Jackson's clout will effect Democratic Party nuts and bolts
Atlanta — JESSE JACKSON'S demands on the Democratic Party have come mostly as metaphors: a seat at the table, an embrace from the party and its nominee, that his constituents' voices be heard. But under pressure from the Rev. Mr. Jackson, some nuts and bolts of Democratic Party power are loosening, too.
The united front that Jackson established this week under Michael Dukakis's banner is consolidating some concrete shifts in party structure.
The most direct impact to emerge from Atlanta meetings this week: The Jackson camp will appoint new officials to national party leadership offices. Some Jackson aides will also be melded into the Dukakis general-election campaign.
Less immediate but more far-reaching, the success of the Jackson campaign has also bred to practical politics a national network of his operatives. They are likely to make much deeper inroads into the structure, composition, and even the rules of state and local party organizations, according to Democratic organizers inside and outside the Jackson camp.
Jackson has brought his supporters to the mundane structures of power. ``People don't think about executive committees and the Democratic National Committee,'' says Lois Deberry, speaker pro tem of the Tennessee House of Representatives and head of her state's Jackson delegates. ``He's brought that to people's attention.''
``The only way you can change the rules - you have to have the people on the committees,'' she says.
The Democratic National Committee (DNC), meeting today in Atlanta, cannot make rules for the state and local party organizations. But, says Jim Burke, chairman of Florida's Jackson delegation, ``State and local organizations take their key from the national party.''
Few nuts and bolts have emerged from the key meeting Monday morning between Jackson and Mr. Dukakis. Party leaders indicate that few specifics were discussed. The purpose was to establish trust.
Jackson has repeatedly said that he wants no position or salary in the party or the Dukakis campaign. Rather, he wants the freedom to continue fighting for his constituency to be heard. ``I'll use every rule within the convention laws to expand the party,'' he said this week.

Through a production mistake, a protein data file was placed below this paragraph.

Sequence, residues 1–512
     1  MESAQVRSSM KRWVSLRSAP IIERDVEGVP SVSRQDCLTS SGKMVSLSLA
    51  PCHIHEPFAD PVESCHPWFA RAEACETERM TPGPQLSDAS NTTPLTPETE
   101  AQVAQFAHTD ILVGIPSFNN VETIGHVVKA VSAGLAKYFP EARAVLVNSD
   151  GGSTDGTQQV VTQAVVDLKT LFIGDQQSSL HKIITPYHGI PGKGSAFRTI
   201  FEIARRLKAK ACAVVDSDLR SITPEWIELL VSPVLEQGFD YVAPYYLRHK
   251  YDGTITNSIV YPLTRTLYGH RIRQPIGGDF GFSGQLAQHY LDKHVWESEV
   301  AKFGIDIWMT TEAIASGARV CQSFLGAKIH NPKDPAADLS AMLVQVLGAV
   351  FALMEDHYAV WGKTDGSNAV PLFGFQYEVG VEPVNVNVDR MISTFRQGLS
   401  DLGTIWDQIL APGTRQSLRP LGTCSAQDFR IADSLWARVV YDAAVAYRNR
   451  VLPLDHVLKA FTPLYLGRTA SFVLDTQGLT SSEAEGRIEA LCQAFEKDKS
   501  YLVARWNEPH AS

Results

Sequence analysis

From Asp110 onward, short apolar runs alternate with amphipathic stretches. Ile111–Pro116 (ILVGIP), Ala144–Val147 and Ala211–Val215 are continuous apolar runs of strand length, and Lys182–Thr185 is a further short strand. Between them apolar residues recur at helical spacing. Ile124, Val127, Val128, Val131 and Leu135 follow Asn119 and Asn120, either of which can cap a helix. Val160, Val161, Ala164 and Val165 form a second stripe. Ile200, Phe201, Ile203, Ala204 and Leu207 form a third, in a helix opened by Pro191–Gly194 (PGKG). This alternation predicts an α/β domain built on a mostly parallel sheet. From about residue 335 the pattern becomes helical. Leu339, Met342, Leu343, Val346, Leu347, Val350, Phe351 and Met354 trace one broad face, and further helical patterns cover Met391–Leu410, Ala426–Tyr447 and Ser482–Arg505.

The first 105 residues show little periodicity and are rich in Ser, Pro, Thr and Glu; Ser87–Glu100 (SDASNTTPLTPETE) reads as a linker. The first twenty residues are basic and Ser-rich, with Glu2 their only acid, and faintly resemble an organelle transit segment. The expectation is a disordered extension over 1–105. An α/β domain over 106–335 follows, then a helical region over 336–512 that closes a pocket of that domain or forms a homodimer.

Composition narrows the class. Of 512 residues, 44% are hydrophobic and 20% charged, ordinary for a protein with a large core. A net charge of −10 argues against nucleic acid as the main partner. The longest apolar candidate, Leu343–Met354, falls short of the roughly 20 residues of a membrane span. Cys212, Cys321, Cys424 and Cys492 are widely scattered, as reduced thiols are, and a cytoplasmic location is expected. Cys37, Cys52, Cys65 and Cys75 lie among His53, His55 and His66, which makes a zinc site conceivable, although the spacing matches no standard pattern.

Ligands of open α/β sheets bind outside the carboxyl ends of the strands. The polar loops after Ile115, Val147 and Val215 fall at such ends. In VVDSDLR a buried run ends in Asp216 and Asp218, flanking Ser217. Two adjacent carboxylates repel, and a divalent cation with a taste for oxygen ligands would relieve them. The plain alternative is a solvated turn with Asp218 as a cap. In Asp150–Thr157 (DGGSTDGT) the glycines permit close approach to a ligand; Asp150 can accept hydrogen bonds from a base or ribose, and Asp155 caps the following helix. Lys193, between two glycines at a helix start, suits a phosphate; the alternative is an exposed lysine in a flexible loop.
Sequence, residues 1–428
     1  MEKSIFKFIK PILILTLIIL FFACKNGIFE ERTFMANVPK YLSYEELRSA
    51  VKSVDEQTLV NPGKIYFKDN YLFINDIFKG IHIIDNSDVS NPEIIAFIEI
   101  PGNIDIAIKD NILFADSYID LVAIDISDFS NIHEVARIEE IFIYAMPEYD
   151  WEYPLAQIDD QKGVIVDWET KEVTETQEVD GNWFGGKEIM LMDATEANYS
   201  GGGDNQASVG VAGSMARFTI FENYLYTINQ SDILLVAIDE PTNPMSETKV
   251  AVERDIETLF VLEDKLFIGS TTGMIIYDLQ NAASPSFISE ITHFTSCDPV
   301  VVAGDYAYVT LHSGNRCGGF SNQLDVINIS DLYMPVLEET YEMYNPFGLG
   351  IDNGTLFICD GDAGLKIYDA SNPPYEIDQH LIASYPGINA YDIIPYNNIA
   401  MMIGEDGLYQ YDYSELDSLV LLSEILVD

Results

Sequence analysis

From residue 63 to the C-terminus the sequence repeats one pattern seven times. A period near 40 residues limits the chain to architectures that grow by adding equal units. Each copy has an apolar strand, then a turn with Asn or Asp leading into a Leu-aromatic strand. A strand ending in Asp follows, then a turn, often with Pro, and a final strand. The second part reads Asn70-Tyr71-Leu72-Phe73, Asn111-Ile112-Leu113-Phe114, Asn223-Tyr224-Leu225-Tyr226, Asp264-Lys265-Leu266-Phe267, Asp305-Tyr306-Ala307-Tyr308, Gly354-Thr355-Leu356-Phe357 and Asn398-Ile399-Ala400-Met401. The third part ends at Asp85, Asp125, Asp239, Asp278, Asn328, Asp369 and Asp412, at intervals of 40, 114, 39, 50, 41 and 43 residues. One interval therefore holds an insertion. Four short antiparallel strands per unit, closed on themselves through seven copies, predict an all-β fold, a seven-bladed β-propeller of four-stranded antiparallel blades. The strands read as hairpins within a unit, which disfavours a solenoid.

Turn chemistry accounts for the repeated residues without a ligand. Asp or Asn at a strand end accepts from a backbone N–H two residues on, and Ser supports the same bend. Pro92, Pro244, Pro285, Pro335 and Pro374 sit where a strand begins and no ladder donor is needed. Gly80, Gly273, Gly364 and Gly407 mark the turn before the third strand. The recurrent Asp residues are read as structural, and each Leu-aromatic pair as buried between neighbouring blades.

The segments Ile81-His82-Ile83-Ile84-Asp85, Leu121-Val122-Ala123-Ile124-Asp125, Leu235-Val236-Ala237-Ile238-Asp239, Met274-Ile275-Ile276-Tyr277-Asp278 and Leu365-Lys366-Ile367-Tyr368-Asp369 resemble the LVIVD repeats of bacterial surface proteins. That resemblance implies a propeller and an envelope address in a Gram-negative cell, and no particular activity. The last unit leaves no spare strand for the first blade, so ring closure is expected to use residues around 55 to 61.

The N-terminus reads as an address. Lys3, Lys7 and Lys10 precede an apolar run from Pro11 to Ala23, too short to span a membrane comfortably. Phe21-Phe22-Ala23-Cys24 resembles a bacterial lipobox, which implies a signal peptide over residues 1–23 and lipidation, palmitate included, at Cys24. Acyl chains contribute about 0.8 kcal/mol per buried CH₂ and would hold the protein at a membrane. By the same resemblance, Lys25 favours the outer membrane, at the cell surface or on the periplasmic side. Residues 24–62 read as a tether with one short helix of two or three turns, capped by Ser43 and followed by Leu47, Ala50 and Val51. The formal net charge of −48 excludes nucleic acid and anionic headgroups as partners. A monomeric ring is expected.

Democratic national chairman Paul Kirk confirmed Tuesday that Jackson will name a new DNC vice-chairman for voter registration and mobilization, at least one executive committee member, two new members on each of three standing committees, and eight new at-large DNC members - added to 25 current at-large members.
Dukakis and Jackson have been meeting during the convention week over how to meld their campaign staffs at the top levels.
John White, a former DNC chairman and a Jackson backer, speculated that top Jackson aide Ron Brown and ``10 or 15 other Jackson operatives around the country'' will join the Dukakis campaign.
Jackson's power rests not only on the size of his vote, but also on his ability to bring new voters into the system.
He made the greatest gains in registering new black voters in 1984. The black electorate grew this year as well, but by a fraction of 1984's leap. According to a survey by the Joint Political Center, over two-thirds of the 2.5 million black voters who registered for the first time between 1980 and 1984 named Jesse Jackson as their reason for registering.
According to Pettis Norman, a Jackson delegate and organizer, Texas has already seen Jackson-led rules changes as a result of the 1984 campaign - when Jackson had narrower support than today. The 20 percent threshold for winning any delegates by district was lowered to 15 percent. It now may be lowered even further, he says.
``These voters will never be ignored again,'' says Mr. Norman, ``because they know what they can do.''
Jackson's biggest party impact this time, however, will be on the national committee, says California organizer John Emerson. The national committee currently ``is pretty much an old-boy network'' of big contributors and longtime organizers, he says.
Jackson people are joining those ranks, he adds, but even at more local organizations, ``a lot of folks now know a lot about how to organize.''